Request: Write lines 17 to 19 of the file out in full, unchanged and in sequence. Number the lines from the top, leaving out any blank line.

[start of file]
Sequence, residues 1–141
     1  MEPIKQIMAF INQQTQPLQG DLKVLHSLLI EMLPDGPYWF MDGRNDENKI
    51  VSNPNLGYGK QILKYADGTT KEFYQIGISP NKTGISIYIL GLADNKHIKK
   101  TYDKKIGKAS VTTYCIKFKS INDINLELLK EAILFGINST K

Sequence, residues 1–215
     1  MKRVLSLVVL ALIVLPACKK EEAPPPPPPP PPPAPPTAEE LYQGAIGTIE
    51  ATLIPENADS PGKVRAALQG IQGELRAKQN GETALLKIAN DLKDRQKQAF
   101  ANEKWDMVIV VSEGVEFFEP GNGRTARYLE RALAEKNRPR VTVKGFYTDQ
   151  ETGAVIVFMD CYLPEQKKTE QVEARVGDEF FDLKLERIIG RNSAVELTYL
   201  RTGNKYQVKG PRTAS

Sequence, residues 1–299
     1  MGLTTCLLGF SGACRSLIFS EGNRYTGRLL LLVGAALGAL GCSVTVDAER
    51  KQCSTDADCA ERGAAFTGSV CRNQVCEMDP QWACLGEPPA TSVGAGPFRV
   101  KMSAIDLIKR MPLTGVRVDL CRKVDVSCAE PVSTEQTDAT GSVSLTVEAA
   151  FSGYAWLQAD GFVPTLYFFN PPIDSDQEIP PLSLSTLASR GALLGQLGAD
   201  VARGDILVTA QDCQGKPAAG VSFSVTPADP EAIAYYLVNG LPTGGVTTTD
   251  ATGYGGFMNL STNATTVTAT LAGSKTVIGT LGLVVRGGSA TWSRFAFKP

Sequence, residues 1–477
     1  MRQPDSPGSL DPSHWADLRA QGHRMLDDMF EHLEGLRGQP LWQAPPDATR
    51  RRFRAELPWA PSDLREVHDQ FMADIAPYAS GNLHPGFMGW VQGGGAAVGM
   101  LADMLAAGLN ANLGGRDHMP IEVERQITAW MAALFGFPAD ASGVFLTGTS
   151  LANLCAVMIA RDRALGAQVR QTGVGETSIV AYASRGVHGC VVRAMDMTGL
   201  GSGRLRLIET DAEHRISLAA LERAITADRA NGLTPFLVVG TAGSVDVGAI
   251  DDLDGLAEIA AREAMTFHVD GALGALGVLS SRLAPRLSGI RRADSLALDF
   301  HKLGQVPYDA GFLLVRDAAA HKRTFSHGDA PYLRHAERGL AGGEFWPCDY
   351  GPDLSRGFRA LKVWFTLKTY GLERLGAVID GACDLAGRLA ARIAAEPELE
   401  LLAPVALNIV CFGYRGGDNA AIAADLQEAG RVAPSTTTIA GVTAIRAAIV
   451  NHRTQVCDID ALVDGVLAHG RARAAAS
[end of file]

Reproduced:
   251  ATGYGGFMNL STNATTVTAT LAGSKTVIGT LGLVVRGGSA TWSRFAFKP

Sequence, residues 1–477
     1  MRQPDSPGSL DPSHWADLRA QGHRMLDDMF EHLEGLRGQP LWQAPPDATR